The Brag – Mark Seymour And The Undertow

Extensive Mayday era interview with Mark Seymour prior to his gig at the Taronga Zoo.

Author:  Adam Norris, The Brag.

Date: 17 February 2016.

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In 1998, after 18 years and nine albums, Hunters & Collectors closed the door on one of the most successful rock band careers in Australian history.

Certain songs have become generational mainstays, with ‘Holy Grail’ embraced by the AFL and the iconic ‘Throw Your Arms Around Me’ now recognised as a classic across the globe. Yet frontman Mark Seymour has never been shackled by the band’s success, and since then has released nine albums of his own showcasing his ever-evolving songwriting prowess. Ahead of his Twilight At Taronga appearance, Seymour takes the time to muse on then and now.

“Hunters & Collectors retired back in ’98, and there were a bunch of songs amongst the records that became very popular,” he says. “Looking back, and broadly speaking, I think the [reason] for our reputation is that we really toured relentlessly. But that said, of those songs, maybe half a dozen have become a part of my history as a writer. I still play them at gigs, though I’ll rotate them so I’m not just up there playing the same thing every time. But over that 33 years of writing and singing I distil the best out of that band’s work and continue on with that into my own albums. Even though I’ve been doing it a long time, it still feels fresh to me.”

Part of this must surely stem from the fact that unlike a great many charting artists today, Seymour is still a man obsessed by story. From a song like ‘Holy Grail’, an epic quest narrative inspired by Jeanette Winterson’s The Passion, to his more recent everyman tale of ‘Two Dollar Punter’, finding a way to create a story and keep listeners engaged is at the core of his craft. However, while it may be the familiar figure of Seymour standing there onstage, these days his songs are more likely to feature observation rather than revelation.

“There’s quite a few songs on the new album that are constructed in character. They occupy the mind’s eye of a person who’s going through some fairly profound experience, and I’m observing that at third hand. I’m trying to describe how that would feel, to elicit the emotion of a person being challenged by the circumstances they’re in. That’s something that I’ve become more and more interested in as a way into a song. But it’s also really firmly grounded in the notion of walking out onto a stage in front of a whole lot of people I don’t know and telling stories about life as I understand it. As I become more interested in the world around me, I’ve found my songwriting has become broader. It’s less directly connected with me now. When I go out, I tend not to give them the impression that I’m singing about my own shit. I’m singing about this other guy’s stuff.”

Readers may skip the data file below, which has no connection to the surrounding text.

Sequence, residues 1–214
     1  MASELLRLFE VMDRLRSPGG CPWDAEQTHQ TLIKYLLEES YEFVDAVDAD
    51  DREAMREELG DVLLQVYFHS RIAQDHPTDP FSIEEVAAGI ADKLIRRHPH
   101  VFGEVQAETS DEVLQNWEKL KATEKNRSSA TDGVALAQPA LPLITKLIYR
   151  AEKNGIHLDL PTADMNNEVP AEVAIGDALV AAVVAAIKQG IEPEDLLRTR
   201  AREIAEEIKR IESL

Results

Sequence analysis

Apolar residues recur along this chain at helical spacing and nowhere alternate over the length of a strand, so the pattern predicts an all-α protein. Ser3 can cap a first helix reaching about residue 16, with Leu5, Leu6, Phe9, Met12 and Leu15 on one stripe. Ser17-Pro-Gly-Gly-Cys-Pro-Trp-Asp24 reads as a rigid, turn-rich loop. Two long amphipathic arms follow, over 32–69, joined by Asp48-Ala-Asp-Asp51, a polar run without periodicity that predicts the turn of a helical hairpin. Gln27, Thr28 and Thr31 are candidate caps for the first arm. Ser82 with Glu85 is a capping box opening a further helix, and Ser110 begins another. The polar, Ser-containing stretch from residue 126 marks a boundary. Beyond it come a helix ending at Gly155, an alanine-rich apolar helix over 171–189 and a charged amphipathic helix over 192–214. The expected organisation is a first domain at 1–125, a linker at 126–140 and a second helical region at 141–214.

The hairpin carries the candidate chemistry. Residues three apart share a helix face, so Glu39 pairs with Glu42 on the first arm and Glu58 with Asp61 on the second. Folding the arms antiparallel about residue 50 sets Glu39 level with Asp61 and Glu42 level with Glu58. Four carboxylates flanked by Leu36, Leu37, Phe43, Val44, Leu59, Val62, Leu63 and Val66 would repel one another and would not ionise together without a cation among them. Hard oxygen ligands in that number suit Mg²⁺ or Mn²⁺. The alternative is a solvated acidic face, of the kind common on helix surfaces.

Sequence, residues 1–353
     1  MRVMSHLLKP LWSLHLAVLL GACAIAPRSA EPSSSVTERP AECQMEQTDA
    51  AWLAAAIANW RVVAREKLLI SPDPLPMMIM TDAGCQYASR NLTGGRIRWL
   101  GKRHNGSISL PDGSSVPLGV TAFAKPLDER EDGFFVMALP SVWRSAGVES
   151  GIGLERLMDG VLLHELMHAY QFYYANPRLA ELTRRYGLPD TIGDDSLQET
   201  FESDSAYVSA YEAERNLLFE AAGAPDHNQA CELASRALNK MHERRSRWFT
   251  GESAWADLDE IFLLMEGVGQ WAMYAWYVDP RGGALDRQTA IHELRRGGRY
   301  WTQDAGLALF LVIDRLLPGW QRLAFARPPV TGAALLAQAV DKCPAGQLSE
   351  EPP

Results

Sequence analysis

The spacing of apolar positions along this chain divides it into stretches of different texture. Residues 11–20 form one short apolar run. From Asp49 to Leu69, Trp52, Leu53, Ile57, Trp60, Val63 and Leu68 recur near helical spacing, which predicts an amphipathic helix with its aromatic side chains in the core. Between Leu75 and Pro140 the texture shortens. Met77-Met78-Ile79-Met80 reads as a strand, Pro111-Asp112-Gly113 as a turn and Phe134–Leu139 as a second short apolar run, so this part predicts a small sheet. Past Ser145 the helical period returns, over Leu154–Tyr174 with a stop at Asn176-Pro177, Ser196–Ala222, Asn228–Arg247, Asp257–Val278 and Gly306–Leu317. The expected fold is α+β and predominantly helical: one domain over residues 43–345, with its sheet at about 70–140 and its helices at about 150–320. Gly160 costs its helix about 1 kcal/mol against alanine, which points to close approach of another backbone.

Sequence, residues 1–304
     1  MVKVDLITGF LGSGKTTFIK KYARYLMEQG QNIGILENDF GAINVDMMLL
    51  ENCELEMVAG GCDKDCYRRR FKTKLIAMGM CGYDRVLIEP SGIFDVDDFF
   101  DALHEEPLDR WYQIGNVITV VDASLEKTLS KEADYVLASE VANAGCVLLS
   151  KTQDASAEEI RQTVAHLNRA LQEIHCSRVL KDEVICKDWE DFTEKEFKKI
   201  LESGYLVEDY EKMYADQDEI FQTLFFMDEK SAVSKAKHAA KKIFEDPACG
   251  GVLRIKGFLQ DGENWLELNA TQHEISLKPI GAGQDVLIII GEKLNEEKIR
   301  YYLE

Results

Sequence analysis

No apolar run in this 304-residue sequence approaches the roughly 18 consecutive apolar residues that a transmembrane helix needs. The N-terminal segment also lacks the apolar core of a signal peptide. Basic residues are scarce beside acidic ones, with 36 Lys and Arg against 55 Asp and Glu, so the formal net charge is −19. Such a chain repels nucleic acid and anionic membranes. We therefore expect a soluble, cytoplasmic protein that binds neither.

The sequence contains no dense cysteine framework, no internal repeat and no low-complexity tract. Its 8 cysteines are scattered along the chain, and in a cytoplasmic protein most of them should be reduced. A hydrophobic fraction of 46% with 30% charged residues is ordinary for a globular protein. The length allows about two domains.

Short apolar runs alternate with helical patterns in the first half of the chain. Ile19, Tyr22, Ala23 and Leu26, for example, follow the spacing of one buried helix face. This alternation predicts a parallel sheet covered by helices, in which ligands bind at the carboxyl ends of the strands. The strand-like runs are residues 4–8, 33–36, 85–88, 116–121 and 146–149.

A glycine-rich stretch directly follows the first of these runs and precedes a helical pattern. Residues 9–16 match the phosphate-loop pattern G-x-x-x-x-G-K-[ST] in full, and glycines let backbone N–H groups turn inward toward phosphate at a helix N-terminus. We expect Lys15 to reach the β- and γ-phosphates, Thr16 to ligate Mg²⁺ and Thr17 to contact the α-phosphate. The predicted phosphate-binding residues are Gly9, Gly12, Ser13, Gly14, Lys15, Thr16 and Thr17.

Seymour’s concerns as a songwriter prove to be an interesting insight into what compels him to keep touring, to remain excited about the shape and potential of each performance (he talks enthusiastically about his upcoming show at Taronga, hoping to use the environment there to create a special and intimate space). While the bedrock of writing strikes him as something quite simple, finding the spark of creativity is much more elusive.

“In songwriting you’re grappling with some very basic principles. Three to four minutes of music, you’re throwing words into chords, and it’s a turkey shoot. When you’re finding stuff to write about, you’re trying to distil some kind of psychological twist that you’re carrying around. With my writing now, I don’t pin things down too quickly. I let ideas fester. The idea of getting bogged down in front of a computer with a multi-track device just kills it. I did that for a long time when I left Hunters, because I thought, ‘How in the hell am I going to do this? I don’t have a band anymore!’ But I think songwriting is a completely spontaneous experience. The raw material is so basic, it’s so easy to get lost in it. Songwriting deals with very little stuff, but the strange and interesting ways into it can happen really randomly.”

An interesting example might be found in the recent update to fan favourite ‘Throw Your Arms Around Me’. A new second verse begins with the line, “Whatever worlds you come from, whatever tongue you speak”. Written in response to racist tirades captured on camera on public transport, and in earnest support of asylum seekers, it very simply celebrates the idea of unity and support without driving its message down people’s throats.

“I try to keep my mind open,” says Seymour. “‘Throw Your Arms Around Me’, there’s an exchange of emotion, and there’s an act of generosity on the audience’s part as much as mine. So for me to walk out and sing a song that has a really strong political narrative, for example, is an entirely legitimate exercise. These are stories I can share with [audiences] because I want them to own them like they did with ‘Throw Your Arms Around Me’. That verse, I just thought, ‘It’s time to change up this song. It’s not going to go away.’ A lot of people don’t seem to know the words have gone by them. You see them mouthing them a lot. People want you to know that they know what the words are. It’s just beautiful.”

Mark Seymour and The Undertow play Twilight At Taronga 2016 at Taronga Zoo on Friday February 19.